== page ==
What compelled you to start Tone Dermatology and to pursue your various entrepreneurial ventures?

As an African American woman in dermatology, I feel like I have a unique lens. I have seen the amazing innovation and positive impact dermatologic care can have. I also see the access issues and the lack of dermatologic literacy that exists in many underserved areas because that’s where I’m from. I guess you can say that I started Tone for people like me. I wanted an approachable and accessible community practice. I wanted a practice that would be seamless and innovative yet empathetic and warm. I wanted something specifically for the uninsured, underinsured, and underrepresented women and men of Chicago, allowing them to feel empowered to care for their skin and hair.

What have been the biggest challenges and rewards you have encountered as a physician and entrepreneur?

There has definitely been a steep learning curve transitioning from practicing medicine to also being a business owner. The biggest challenge has been getting used to not knowing everything. The reality is that we prepare for years and years to be physicians but training in ownership is lacking. I had to quickly become familiar with the language and trust people who were more knowledgeable in their respective fields to join and collaborate on my team. The biggest reward is seeing the support from my team and colleagues and seeing what we are able to accomplish together as a community.

What message do you wish to impart on those that want to follow in your footsteps and start a personal brand in medicine, but don’t know where to start?

My first piece of advice is to just start. Many of us are vulnerable to spending a lot of time doubting ourselves and our ideas, especially women and minorities. Your ideas are valid and the world needs them. Start by making a commitment to believe in and invest in yourself. Once you are mentally committed, you will be surprised how much easier the next steps become. I encourage anyone wanting to start a business in medicine to reach out to several like minded peers who have done the same. Hear their experiences both good and bad and develop a plan. The great thing is that there are so many of us who have taken this leap. You are not alone and you definitely don’t have to recreate the wheel.


What compelled you to create content and resources for occupational therapy students? What type of resources do you currently provide for your audience?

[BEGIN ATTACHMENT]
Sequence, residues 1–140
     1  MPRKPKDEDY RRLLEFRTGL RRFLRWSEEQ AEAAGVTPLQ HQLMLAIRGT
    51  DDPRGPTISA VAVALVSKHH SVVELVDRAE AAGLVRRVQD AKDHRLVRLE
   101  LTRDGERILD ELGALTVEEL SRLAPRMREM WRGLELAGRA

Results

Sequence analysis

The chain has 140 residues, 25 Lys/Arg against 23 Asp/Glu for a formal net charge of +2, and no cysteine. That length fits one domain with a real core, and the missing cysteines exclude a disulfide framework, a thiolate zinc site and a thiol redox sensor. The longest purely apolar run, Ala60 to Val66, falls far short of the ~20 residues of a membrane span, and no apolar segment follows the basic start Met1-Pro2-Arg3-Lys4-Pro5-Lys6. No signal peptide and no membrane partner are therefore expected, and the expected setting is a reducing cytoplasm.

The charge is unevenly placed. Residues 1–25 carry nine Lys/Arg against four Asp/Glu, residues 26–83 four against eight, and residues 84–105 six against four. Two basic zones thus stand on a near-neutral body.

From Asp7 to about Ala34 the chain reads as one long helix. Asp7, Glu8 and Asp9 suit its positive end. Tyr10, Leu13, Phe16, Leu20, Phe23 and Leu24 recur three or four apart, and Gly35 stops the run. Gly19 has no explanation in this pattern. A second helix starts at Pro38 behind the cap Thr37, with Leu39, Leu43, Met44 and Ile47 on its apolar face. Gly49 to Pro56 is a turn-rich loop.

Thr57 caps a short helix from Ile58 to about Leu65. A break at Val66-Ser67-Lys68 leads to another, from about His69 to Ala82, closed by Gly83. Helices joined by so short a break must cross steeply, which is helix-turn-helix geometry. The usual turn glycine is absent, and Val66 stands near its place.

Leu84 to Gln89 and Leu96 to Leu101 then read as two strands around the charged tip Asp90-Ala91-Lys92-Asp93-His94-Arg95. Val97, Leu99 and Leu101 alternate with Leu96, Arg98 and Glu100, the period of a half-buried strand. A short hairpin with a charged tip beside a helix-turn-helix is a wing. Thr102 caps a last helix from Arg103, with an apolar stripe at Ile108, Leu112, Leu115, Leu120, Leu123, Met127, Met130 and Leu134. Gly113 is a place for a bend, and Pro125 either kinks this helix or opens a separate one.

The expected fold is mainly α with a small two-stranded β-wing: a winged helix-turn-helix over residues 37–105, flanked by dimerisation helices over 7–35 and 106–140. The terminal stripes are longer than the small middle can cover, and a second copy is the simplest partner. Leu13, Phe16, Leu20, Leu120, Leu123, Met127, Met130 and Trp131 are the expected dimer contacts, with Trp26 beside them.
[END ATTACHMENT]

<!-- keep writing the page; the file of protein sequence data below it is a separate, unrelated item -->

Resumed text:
I was inspired to create the OT Miri YouTube channel when I learned that I did not pass the NBCOT® Exam. It was a time of great stress, disappointment, and panic. I was desperate to pass and was willing to give it my all, but every resource and exam prep had a price tag on it and the weight of the financial burden that came with the cost of the exam, in addition to the mounting student debt, made me feel like there was no light at the end of the tunnel. I knew I wasn’t alone in feeling this way, so I promised myself that if and when I passed the NBCOT® Exam, I would do everything in my power to give back to my community so that no other student would feel the desperation, loneliness, and anxiety I had once felt.

What simply started as a desire to help others launched a worldwide platform where individuals can come together to connect, learn, and share resources in pursuit of a common goal and passion: to become an occupational therapy practitioner. Today, I am privileged to be able to share my resources, passion, and knowledge in support of occupational therapy students and new grads who are making their transition from being a student to entry level practitioner.

What have been your biggest hardships as an OTpreneur, and how have you overcome them?

If OTpreneur is short for OT Entrepreneur, I’m not sure that I would consider myself an OTpreneur. “OT Miri” as an entity doesn’t have a financial business model, and is instead a platform offering free services and content. And while it is my mission to continue offering all my content for free, this is also one of the most challenging aspects of sustaining this project. It requires a tremendous amount of personal time, energy, and money to produce the content and make it available through a secure, robust platform. If only I had an infinite amount of time and money to pour into this community. Until then, it will take a lot of creativity and resourcefulness to balance and sustain this project alongside the demands of my work and family obligations.

What message do you wish to impart on those starting out in occupational therapy and/or any career/project they are passionate about but are afraid of failing?  

For this question, I would like to share my two go-to quotes that I come back to each time I have self doubt or struggle with imposter syndrome: 

“Whatever you can do or dream,  you can begin it. Boldness has genius, power, and magic in it.” —Johann Wolfgang von Goethe

“Success is not final, failure is not fatal: it is the courage to continue that counts.” Winston Churchill



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